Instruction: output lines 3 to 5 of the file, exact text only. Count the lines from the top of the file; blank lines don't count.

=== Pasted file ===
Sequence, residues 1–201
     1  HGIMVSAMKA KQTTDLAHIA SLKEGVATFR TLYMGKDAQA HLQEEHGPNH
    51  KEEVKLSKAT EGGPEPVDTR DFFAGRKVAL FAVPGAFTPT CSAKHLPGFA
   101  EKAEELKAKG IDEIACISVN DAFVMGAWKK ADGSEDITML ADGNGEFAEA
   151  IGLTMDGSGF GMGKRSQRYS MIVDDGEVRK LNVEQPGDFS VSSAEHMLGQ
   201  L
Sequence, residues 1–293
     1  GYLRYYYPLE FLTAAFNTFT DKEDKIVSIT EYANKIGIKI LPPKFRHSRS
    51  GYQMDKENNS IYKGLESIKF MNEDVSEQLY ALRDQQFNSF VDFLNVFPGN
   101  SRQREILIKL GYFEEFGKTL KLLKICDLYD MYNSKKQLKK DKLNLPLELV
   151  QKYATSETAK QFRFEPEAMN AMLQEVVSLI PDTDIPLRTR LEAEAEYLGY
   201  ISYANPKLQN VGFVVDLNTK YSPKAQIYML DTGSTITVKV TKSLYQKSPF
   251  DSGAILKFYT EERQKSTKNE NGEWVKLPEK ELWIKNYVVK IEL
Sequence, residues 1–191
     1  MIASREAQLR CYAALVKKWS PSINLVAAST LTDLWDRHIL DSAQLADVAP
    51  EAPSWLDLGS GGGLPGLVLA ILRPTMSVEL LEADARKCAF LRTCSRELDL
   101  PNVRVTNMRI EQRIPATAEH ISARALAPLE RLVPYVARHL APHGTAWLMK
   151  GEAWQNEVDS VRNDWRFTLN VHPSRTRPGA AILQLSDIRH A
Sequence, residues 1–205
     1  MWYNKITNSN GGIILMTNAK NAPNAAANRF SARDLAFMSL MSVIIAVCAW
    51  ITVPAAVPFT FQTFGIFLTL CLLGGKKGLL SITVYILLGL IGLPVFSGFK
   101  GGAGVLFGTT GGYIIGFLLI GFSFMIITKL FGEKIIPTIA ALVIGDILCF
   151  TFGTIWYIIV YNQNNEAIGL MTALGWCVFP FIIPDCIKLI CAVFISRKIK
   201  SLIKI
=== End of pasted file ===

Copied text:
    51  KEEVKLSKAT EGGPEPVDTR DFFAGRKVAL FAVPGAFTPT CSAKHLPGFA
   101  EKAEELKAKG IDEIACISVN DAFVMGAWKK ADGSEDITML ADGNGEFAEA
   151  IGLTMDGSGF GMGKRSQRYS MIVDDGEVRK LNVEQPGDFS VSSAEHMLGQ